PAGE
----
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What is the Immune System?

April 26, 2022

While we are in the midst of the cold & flu season, you hear more and more about the immune system. How we can fight back against sickness. How we can boost the immune system. How to gain natural immunity. But no one talks about what exactly the immune system is.

The immune system defends the body from pathogens that are harmful to your health. A healthy immune system is always defending you from infections by recognizing and killing harmful bacteria through very sophisticated and adaptable mechanisms. Your immune system also aids in the development of immunity, so that when you come into contact with specific invading germs again, you will be able to fight them off faster the next time, frequently without being ill.

Finding Infectious Organisms

The immune system must be able to tell the difference between a foreign substance and your own body's cells in order to execute its function.

Self-antigens are proteins found in your body's cells and tissues. Living creatures that can cause infections perform the same thing, however their antigens aren't identical. Your immune system “flags” foreign antigens so that invading microbes may be rapidly targeted and destroyed, saving you from harm.

Leukocytes (White Blood Cells)

Leukocytes are the cornerstone of your immune system's white blood cells (WBCs). Leukocytes come in a range of shapes and sizes, each with its own set of characteristics that work together to defend you from infections.

Depending on the leukocyte, it may aid the immune system's “search and destroy” function by:

  • Rapidly recognizing germs
  • Binding to germs
  • Engulfing and surround germs
  • Using chemicals contained within to destroy germs

Others take their time recognizing infectious germs and responding to them.

Macrophages, Neutrophils, Mast Cell, Basophils

Macrophages are leukocytes that flow all throughout the bloodstream and tissues, whereas neutrophils circulate in the bloodstream and patrol for new foreign antigens.

Invading germs and microbes enter the body through a variety of routes, including the nostrils or a cut on the skin's surface. When these leukocytes detect infectious risks, chemical signals are sent out, attracting additional leukocytes to surround, absorb, and eliminate the hazardous substances.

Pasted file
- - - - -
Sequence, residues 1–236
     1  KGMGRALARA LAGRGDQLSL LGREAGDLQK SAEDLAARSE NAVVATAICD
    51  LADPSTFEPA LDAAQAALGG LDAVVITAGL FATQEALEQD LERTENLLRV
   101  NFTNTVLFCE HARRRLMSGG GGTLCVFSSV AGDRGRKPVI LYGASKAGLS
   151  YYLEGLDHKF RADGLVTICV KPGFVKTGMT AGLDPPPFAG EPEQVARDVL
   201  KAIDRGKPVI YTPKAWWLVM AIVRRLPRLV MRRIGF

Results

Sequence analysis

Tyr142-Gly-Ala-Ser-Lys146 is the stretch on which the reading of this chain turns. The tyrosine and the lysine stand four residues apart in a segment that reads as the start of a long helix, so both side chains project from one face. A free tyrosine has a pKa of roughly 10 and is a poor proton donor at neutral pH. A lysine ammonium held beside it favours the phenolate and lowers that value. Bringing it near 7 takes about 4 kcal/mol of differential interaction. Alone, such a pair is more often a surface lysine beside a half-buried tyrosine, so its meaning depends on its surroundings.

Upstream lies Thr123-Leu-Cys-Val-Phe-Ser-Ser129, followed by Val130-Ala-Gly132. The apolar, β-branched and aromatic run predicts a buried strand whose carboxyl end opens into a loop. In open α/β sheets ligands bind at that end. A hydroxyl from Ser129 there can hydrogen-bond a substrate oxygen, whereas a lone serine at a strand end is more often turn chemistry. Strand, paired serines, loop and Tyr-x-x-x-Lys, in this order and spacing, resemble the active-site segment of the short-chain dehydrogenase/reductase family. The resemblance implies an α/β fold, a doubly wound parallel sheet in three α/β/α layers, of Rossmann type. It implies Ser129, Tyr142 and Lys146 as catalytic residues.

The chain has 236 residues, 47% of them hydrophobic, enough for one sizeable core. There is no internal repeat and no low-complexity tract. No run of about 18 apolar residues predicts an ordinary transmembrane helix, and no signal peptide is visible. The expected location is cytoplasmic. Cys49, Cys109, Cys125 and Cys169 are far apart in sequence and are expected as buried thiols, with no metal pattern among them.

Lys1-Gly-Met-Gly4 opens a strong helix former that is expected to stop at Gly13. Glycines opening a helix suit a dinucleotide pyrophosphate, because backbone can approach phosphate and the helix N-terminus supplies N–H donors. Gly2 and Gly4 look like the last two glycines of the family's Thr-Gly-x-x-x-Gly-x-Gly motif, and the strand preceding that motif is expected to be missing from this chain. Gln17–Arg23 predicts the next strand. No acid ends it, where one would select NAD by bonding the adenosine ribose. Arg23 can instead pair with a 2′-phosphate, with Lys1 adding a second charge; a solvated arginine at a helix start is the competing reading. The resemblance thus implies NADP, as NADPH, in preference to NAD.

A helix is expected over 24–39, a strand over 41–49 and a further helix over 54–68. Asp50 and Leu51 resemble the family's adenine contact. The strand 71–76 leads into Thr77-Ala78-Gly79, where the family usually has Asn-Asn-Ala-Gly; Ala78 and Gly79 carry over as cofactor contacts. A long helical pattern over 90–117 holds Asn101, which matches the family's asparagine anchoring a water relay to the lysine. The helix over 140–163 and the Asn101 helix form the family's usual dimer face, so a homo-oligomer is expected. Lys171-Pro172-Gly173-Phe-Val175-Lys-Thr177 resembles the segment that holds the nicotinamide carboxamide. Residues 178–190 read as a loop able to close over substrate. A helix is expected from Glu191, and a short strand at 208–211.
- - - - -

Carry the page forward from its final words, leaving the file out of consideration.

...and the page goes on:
Lymphocytes: T- and B-Cells

Leukocytes are divided into lymphocytes and monocytes. They take longer to mount an infectious response than other leukocytes, and they help you build long-term immunity. T-cells and B-cells are two types of lymphocytes that perform separate functions.

B-cells are primarily responsible for the production of antibodies, which are particular proteins. Antibodies bind to antigens on a foreign invader's surface and mark them for elimination by the immune system. B-cells play an important role in defending you against bacterial illnesses.

  • Antibodies: Your body produces antibodies in a variety of ways. Antibodies are used to treat a variety of ailments, including infections of the skin and the gastrointestinal tract. Antibodies bind to antigens to form an immune complex, which is then destroyed by the body's leukocytes and chemicals.
  • Autoantibodies: When the immune system makes autoantibodies, which are antibodies that fight your own body, problems arise. The immune system misidentifies self-antigens—your own cells, tissues, and organs—as alien things, which is the defining problem of autoimmune disorders like thyroid disease.

Antigens on the surface of your own cells are recognized by T-cells. Your body's major histocompatibility complex (MHC) modifies the surface of your cells when a microorganism, such as a virus, penetrates your cells, introducing new antigens. Because of these changed antigens, passing T-cells are alerted to the existence of the virus within your cell. T-cells are capable of eliminating viruses and cancer cells on their own.